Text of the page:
The Buyers and The Sellers
With the 2018 NBA Trade Deadline just two weeks away, there are a lot of things floating around the NBA, some are less likely than others, but what has become clear is there are some bona fide sellers, and there are some teams looking to buy. Here are some of them:
The Magic have been in the NBA trade market for most of the season. The prevailing thought from league sources is while the Magic seem to be open for business, they are not open to taking much back in terms of salary which may make it hard for them to offload some of the contract money they seem to be trying to move.
The two names that get the most play in NBA circles are guards Evan Fournier and Elfrid Payton. While the Magic seem to open to ideas on the entire roster, they have been pretty open that they are not doing a deal just to do a deal. The Magic’s stance is that anything they do has to meet their goals of being able to remake the team fairly quickly, so taking back long-term contracts are not in the plan.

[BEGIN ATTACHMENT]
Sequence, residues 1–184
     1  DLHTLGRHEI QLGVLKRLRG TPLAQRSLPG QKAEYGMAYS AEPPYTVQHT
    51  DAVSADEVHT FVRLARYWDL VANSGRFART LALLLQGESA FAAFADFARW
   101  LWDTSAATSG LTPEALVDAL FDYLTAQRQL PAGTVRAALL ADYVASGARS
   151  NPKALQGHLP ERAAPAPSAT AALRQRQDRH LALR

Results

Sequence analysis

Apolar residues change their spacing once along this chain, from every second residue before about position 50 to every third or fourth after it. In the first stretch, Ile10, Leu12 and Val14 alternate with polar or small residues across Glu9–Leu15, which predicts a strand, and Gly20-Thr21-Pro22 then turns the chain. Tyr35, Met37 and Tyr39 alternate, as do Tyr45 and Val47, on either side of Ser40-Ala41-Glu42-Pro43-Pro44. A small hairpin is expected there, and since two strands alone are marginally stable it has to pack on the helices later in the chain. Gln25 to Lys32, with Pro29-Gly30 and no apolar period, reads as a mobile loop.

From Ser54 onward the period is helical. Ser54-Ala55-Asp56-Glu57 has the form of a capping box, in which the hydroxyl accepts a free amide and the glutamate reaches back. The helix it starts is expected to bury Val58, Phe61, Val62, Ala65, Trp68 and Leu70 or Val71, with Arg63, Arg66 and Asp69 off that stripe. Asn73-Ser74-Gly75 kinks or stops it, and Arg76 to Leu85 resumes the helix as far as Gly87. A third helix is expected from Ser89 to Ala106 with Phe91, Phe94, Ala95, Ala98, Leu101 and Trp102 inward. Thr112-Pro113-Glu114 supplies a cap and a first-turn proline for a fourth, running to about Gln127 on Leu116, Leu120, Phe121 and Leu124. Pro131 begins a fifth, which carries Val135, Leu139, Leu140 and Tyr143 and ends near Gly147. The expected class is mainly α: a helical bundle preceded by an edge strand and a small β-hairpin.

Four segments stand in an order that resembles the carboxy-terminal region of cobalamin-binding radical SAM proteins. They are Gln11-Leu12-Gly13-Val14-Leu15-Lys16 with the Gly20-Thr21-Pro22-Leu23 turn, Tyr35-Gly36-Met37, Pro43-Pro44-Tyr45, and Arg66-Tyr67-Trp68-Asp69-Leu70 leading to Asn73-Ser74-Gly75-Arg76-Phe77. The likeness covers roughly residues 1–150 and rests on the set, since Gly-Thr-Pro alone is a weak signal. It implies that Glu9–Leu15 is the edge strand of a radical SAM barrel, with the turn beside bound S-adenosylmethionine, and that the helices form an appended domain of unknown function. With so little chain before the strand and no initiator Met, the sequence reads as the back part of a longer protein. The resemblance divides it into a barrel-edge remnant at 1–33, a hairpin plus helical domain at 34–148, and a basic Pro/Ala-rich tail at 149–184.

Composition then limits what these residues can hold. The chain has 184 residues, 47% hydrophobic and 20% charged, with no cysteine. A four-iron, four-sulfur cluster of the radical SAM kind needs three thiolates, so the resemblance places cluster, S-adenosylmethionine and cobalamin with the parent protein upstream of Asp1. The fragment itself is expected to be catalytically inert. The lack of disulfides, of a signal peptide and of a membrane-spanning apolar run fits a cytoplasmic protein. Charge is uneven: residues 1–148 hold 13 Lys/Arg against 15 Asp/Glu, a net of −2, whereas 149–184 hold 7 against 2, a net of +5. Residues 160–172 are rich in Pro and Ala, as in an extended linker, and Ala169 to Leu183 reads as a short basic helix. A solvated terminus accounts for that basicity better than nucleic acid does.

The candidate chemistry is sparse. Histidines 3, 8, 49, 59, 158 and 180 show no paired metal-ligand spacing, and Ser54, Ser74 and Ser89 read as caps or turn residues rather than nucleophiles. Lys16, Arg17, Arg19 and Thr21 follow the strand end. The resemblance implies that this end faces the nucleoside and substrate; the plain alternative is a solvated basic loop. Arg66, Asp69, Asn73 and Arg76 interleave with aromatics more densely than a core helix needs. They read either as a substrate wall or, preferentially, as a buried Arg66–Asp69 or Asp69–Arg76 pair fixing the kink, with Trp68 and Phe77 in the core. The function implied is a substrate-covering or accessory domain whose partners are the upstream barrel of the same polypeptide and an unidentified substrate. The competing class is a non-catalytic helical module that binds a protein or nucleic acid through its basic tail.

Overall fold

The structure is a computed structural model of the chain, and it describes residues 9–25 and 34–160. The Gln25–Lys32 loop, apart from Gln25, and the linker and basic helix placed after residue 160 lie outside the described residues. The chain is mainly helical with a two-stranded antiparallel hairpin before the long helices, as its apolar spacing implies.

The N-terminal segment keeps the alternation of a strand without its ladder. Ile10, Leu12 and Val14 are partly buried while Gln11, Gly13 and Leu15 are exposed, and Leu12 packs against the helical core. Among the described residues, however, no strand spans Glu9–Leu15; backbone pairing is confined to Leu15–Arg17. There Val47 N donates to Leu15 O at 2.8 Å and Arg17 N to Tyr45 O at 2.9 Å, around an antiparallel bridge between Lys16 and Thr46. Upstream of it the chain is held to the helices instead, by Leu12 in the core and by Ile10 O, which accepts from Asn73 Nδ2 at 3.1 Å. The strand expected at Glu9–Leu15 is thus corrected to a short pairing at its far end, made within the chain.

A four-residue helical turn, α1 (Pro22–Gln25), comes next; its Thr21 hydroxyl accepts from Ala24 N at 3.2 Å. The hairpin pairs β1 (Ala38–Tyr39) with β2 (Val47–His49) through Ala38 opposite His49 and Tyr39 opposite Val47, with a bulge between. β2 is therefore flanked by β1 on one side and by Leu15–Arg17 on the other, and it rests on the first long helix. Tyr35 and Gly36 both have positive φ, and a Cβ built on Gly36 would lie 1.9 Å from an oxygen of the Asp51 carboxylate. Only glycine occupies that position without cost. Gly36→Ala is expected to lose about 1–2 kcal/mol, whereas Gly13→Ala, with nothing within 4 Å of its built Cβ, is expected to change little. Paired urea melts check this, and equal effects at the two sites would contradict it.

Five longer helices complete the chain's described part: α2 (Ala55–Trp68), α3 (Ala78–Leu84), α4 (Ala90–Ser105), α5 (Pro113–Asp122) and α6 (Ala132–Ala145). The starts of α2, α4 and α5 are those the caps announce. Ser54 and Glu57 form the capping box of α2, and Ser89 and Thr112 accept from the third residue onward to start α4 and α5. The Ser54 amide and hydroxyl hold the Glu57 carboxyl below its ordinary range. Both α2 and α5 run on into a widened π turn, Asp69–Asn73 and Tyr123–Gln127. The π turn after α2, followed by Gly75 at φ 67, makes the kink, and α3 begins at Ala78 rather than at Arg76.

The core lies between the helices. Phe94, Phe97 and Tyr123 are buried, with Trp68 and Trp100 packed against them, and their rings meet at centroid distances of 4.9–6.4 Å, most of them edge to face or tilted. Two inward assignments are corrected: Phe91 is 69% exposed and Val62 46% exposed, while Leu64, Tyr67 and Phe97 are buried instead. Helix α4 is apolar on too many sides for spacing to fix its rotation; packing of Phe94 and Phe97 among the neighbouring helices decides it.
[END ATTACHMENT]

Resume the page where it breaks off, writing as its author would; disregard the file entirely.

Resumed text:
As the deadline nears, the Magic could move half the roster or make no moves at all. That’s really where they are. If nothing materializes, the Magic seem content to let this roster ride out the season and re-tool around the draft and in free agency, especially because the Magic feel like they have some pretty attractive contracts that could be significantly better value than options available to other teams in free agency.
Magic general manager John Hammond said recently anything the team did wouldn’t be geared towards a short-term fix, rather fitting into the long-term plan, which has been a consistent message out of the Magic from the start.